Gen Z gets all their info on social media using various platforms such as snapchat and twitter, they learn how to do things using YouTube videos and more recently, they enjoy the new short form video platform that TikTok offers.

Gen Z is not a generation that places value on having cold hard cash in their wallets. In fact, many are moving away from carrying a traditional wallet and instead are relying on the virtual wallet app on their cell phone. They transact using apps such as Venmo, Cash, Zelle, and of course, Apple Pay.

Gen Z may never own a car and 9/11 is something they learned about in history class, not something that shaped their world viewpoint like the millennial generation.

The digital natives in Gen Z have never lived in a world without FaceTime… beepers and landlines are not even a distant memory for this generation. This generation does not see texting or typing on a phone as a grand novelty but rather is increasingly more comfortable speaking commands to their devices. For companies this means that voice enablement should be a key part of a digital transformation strategy.

Gen Z is going to be the fastest growing generation in the work force in two years. Here are a couple of amazing facts about how connected Gen Z is to their cell phone:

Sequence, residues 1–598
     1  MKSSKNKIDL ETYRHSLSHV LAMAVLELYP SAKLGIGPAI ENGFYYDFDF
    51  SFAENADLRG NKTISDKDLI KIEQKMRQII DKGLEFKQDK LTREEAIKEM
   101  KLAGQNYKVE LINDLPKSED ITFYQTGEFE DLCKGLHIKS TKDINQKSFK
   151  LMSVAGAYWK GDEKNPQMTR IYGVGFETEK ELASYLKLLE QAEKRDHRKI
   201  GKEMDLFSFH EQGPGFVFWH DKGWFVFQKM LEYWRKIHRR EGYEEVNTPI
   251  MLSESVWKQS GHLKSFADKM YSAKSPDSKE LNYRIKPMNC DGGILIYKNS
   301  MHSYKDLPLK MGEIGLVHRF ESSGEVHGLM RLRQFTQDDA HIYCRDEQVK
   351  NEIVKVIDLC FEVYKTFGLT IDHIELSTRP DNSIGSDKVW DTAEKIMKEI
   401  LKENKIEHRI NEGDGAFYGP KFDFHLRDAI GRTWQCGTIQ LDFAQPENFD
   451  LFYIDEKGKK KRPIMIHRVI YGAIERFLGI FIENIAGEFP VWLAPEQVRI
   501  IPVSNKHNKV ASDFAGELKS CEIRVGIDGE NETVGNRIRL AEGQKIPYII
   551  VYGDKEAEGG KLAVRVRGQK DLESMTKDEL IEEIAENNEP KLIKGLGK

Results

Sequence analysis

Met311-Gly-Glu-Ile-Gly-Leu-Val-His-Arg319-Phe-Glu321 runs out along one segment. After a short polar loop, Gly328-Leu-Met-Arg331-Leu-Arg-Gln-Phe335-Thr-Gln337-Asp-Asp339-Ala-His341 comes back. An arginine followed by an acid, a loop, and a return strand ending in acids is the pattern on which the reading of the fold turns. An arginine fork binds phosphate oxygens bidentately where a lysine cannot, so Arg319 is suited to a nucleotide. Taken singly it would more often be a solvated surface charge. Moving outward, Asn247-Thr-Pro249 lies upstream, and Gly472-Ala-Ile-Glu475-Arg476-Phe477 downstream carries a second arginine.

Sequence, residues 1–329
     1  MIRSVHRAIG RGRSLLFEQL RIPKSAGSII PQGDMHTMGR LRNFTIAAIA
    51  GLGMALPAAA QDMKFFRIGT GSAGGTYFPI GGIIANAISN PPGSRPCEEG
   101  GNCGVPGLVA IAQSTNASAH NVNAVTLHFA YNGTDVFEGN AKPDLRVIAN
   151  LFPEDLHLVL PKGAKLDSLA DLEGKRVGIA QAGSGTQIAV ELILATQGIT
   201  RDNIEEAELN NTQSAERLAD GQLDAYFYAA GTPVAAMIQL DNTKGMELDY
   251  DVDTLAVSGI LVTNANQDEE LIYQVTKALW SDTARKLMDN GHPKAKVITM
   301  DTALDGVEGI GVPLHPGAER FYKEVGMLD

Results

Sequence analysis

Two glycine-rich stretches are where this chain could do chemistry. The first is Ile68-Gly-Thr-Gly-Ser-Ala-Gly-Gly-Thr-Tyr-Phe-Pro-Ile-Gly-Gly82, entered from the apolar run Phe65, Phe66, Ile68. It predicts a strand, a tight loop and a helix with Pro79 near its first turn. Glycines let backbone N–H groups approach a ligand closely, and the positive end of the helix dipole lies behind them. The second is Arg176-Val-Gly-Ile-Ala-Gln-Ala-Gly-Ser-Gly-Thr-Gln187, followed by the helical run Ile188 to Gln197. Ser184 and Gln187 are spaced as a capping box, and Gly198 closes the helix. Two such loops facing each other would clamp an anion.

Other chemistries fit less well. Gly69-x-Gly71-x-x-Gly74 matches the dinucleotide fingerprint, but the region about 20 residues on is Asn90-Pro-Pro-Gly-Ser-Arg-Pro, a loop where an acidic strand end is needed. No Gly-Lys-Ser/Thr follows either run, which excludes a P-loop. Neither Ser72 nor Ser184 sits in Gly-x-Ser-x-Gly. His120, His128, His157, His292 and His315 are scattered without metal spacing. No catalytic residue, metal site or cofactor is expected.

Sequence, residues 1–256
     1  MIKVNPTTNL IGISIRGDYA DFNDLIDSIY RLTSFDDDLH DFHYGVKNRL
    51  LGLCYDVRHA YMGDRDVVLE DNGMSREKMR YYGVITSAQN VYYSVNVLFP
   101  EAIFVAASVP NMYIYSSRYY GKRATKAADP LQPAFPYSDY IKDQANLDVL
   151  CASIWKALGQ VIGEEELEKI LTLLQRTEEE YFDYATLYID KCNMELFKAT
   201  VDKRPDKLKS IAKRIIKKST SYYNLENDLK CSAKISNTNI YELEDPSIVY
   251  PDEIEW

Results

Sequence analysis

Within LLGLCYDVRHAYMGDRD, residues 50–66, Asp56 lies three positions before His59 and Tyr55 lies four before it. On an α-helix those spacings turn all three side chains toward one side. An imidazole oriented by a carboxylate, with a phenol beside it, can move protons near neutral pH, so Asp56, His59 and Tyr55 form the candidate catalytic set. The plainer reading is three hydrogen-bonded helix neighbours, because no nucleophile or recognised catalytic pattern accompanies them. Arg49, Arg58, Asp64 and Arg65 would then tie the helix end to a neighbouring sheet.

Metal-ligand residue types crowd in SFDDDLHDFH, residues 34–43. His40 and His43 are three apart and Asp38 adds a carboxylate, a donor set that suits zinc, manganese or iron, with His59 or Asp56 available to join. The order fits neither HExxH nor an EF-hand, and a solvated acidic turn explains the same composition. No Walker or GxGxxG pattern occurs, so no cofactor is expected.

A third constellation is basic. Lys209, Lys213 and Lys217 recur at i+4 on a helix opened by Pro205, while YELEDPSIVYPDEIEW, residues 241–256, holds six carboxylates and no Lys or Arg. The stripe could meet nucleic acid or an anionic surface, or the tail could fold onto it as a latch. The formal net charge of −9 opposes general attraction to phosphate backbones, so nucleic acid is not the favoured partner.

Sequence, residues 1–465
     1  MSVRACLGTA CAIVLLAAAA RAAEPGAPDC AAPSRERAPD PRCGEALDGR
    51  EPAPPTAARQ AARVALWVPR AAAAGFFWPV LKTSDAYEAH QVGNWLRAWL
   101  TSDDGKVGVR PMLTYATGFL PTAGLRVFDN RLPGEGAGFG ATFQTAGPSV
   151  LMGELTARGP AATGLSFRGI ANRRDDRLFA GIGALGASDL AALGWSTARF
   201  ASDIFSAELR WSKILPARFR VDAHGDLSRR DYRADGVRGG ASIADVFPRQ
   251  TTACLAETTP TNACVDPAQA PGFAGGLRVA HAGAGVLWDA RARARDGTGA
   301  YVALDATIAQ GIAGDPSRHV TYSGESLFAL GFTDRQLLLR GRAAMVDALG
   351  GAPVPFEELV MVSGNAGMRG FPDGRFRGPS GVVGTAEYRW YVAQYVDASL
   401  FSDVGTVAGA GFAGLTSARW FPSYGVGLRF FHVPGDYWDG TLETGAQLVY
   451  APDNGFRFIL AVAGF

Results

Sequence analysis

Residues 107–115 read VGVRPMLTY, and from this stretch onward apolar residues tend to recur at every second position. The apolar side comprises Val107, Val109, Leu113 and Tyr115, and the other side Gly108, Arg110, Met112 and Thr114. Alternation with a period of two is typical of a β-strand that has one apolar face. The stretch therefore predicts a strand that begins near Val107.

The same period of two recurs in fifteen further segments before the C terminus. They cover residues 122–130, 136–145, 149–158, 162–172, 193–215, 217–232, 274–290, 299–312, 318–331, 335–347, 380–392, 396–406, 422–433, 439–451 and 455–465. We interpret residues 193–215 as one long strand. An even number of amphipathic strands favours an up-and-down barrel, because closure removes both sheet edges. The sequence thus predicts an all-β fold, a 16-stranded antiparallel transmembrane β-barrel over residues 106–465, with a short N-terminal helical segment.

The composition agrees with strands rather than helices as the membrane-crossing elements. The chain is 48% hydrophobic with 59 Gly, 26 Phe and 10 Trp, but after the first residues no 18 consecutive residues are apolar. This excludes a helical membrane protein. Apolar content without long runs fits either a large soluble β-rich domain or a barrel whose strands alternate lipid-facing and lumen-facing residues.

–        According to Zconomy, 31% of Gen Z can’t comfortably be away from their phone for 30 minutes.

–        Gen Z girls spend 10 or more hours a day on their phones.

Given all of this, perhaps it’s time to ask your marketing organization (which may be peopled by baby boomers and Gen X) to share the “social first” way the company is engaging with consumers and re-evaluate how the company tracks its effectiveness with millennials and expand the tracking to encompass a broader set of generational diversity in order to increase their readiness to engage with Gen Z.

According to the 2019 Mary Meeker Internet trends report, Images are increasingly the means by which people communicate, as technology developments like faster Wi-Fi and better phone cameras have encouraged a surge in image taking. More than 50 percent of Twitter impressions now involve posts with images, video or other media; Twitter used to be text-only.

This shift in the means by which younger generations are communicating should prompt a discussion on what is the best medium for companies to communicate with their expanding target audience base.

For large legacy companies in retail, hospitality, travel, financial services, healthcare to name a few, rethinking your go to market and keeping the strategy contemporary will be an important step to take to ensure the company’s longevity.  For boards interested in learning more on generational trends and how Gen Z will impact the future of your business, I highly recommend reading Zconomy.

I think is an important question for boards to ask management to share an update on the coming year ahead. Staying contemporary and relevant is the biggest threat to traditional businesses who don’t shift early enough with how they engage with their future consumers, customers, and employees.